Poor Ormod

I envision Cedeira’s culture as, essentially, Theme Park Germanic Medieval Europe with some actual historical tidbits. It’d be more accurate to say that it’s analogous to northern half of Europe in general (including northeastern), but dominated by a minority of quasi-Anglo-Saxon elite from northern Cedeira.

(That is, they’re concentrated in northern Cedeira now. Originally, they weren’t from there at all; their ancestors lived in what is now central Marelia, and were driven out first by dragons, and later by dryads and Elentians.)

One of the things I did to underscore the association was to use Anglo-Saxon or Anglo-Saxon-inspired names for the Cedeiran characters, usually with an eye to meaning. So, the children of the Poldan family:

Bletsung: blessing

Ormod: sad, despairing, hopeless

Giva: gift

Wynedra: stream-joy

One of these is not like the others.

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Update: transitions are the worst

20 pages into the transition chapter of doom!

General feeling: ugh.

Probably my favourite passage:

“Was she part of the royal family?”

Arceptra nodded, then shook her head. “A cousin. Distant cousin. But everyone knew of her. She was the favourite of Princess Evadne, and a captain in the war like Aunt Ariana, and … ” She swallowed again.

I almost asked about that, but I found it so easy to believe that Alaia Cordell had been a soldier that I didn’t bother.

Your regularly scheduled attack of paranoia

The damn Starks lurked me back to Game of Thrones, and as I was watching the Daenerys scenes, I suddenly had the horrible thought that it might seem Arceptra was ripped off from her.

I mean:

– Magic immunity to fire

– Association with dragons

– Heiress of a former, much more firmly established, inbred dynasty

– Small with startling eyes

In fact, Arceptra was ripped off from something completely different.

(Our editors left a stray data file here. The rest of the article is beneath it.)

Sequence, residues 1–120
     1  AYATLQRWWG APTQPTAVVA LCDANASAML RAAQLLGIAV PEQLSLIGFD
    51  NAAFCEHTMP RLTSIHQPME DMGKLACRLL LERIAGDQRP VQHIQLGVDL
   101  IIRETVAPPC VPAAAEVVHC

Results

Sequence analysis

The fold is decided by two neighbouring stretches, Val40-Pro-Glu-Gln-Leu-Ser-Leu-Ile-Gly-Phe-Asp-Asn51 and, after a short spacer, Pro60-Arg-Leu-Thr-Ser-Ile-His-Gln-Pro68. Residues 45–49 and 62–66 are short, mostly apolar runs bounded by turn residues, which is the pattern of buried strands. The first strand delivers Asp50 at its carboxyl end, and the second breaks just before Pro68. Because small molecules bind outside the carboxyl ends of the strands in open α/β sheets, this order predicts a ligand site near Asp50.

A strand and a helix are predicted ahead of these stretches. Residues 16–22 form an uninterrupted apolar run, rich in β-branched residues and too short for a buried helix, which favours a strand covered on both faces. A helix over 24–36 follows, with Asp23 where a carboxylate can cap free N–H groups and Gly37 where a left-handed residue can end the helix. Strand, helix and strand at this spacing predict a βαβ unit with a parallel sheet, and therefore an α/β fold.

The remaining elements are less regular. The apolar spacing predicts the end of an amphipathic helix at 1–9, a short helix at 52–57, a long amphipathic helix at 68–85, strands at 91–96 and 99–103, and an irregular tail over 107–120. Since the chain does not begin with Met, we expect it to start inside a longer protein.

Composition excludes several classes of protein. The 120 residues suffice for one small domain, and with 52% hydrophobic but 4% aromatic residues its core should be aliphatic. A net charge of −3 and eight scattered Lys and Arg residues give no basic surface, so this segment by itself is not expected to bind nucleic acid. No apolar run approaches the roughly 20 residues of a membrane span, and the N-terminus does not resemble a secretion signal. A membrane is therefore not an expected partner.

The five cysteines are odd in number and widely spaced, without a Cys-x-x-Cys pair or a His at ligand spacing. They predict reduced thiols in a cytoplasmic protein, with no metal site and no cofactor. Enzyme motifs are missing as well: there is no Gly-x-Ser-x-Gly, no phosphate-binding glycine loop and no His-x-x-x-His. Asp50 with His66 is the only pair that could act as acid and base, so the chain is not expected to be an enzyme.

Specifically, an SNES game from over twenty years ago, which I imprinted on at age seven and promptly reimagined with my own stories. Of course she’s drifted considerably from there. So naturally there are significant differences:

– Arceptra is a pyromancer of the classic lights-flames-on-her-hands variety; the immunity to fire is a Required Secondary Power.

– Lhûn dragons are really a subject for another post, but the short version is that, while they’re Standard Edition Dragons in most respects, they are fiercely independent and rational beings with their own history, culture, politics, and struggles, the worst of which is relentless overpopulation.

– The Cordells are … not Targaryens. They are really, really not Targaryens. They’re generally stable, there’s no incest beyond cousin marriage, their glamour comes via their descent from a religious martyr rather than a conqueror, the distinctive family gift is clairvoyance, and the last Cordell queen abdicated of her own will and was succeeded by her chosen heir. Her descendants remain powerful and respected, in close alliance with the current dynasty, and the attempts to restore them to the monarchy has very little support from the Cordells themselves.

– The Cordells typically have brown skin, very dark brown hair—nearly black—and bright blue eyes.